The student mission guide is the heart of our program. So, when a student comes up in the classroom and says, ‘I don’t remember how to change the propellers on my drone, the propeller fell off or something,’ the teacher can direct them to the manual which is a shared resource for all students. We take safety very seriously even though we are only flying DJI Tellos.

We focus on entertainment education, making learning fun, problem-solving, character education, drone technology, and real-world applications but we don’t get involved in flying drones for sub-seventh graders.

Having in mind this, to empower teachers around the world, we have to give teachers the tools and resources. We can’t be everywhere but we can help teachers by offering unlimited professional development and support. Drone Legends is present in over 100 schools here in the U.S., operations running in New Zealand and Australia, and I never want a kid to go home and say Drone Legends was not fun.

TDW: Drone education is an excellent opportunity for creating a community of drone educators, students, and parents. What does the role of the community look like?

S.B.: We built a community and we nurture it through the community application – our educator portal. When you come in you’ve got an activity feed and you can belong to numerous groups. We’re still building our membership but we’ve already got teachers sharing what they’re doing and all cool, fun stuff.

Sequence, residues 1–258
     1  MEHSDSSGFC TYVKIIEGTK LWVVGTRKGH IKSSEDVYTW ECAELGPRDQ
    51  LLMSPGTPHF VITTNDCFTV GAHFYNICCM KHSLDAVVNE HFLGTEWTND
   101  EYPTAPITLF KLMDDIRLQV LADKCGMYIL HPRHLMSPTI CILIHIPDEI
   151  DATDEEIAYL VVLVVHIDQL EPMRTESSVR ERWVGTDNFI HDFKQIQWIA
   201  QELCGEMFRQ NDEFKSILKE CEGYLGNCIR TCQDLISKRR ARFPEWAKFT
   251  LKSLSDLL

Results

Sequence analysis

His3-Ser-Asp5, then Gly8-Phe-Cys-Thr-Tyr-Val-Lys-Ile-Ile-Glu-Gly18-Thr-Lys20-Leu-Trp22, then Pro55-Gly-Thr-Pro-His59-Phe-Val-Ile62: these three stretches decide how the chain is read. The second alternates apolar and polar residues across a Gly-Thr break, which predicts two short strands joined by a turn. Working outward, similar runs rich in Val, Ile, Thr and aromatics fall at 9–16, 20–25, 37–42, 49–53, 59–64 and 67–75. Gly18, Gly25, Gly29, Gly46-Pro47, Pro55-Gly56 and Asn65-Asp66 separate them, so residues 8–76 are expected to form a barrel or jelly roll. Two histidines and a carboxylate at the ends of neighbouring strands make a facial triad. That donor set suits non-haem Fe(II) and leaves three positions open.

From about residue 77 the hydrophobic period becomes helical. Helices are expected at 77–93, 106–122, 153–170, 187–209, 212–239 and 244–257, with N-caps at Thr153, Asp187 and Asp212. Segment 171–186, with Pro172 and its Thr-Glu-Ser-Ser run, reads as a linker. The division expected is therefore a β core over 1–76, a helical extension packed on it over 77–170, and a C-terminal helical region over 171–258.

The educator portal is a growing body of Drone Legends’ content. It consists of missions and for every one of those missions there is a module and the teachers can work with it and share. Also, we do real-world video applications.

We want to create a community of teachers, who are learning about using drones in education. Through this, we’re letting teachers share their information with other teachers in our community. This way, we learn as a company what the students and teachers prefer, and how the teachers are using the program, and we can start to create new better content over time.

Source: Drone Legends

The Role of Drones in Education

TDW: Congratulations on winning an award at the Airwards! What did it feel like? What are your achievements so far that have led to this?

S.B.: I am excited about the numbers. We’re expanding and we believe that we’ll triple that expansion over the next 12 months. We think that we’ve got something pretty unique, so we’re very proud; I’m very proud of my team for what they’ve been able to achieve. We’ve got new content in the works and new programs. Some big announcements are coming in 2023.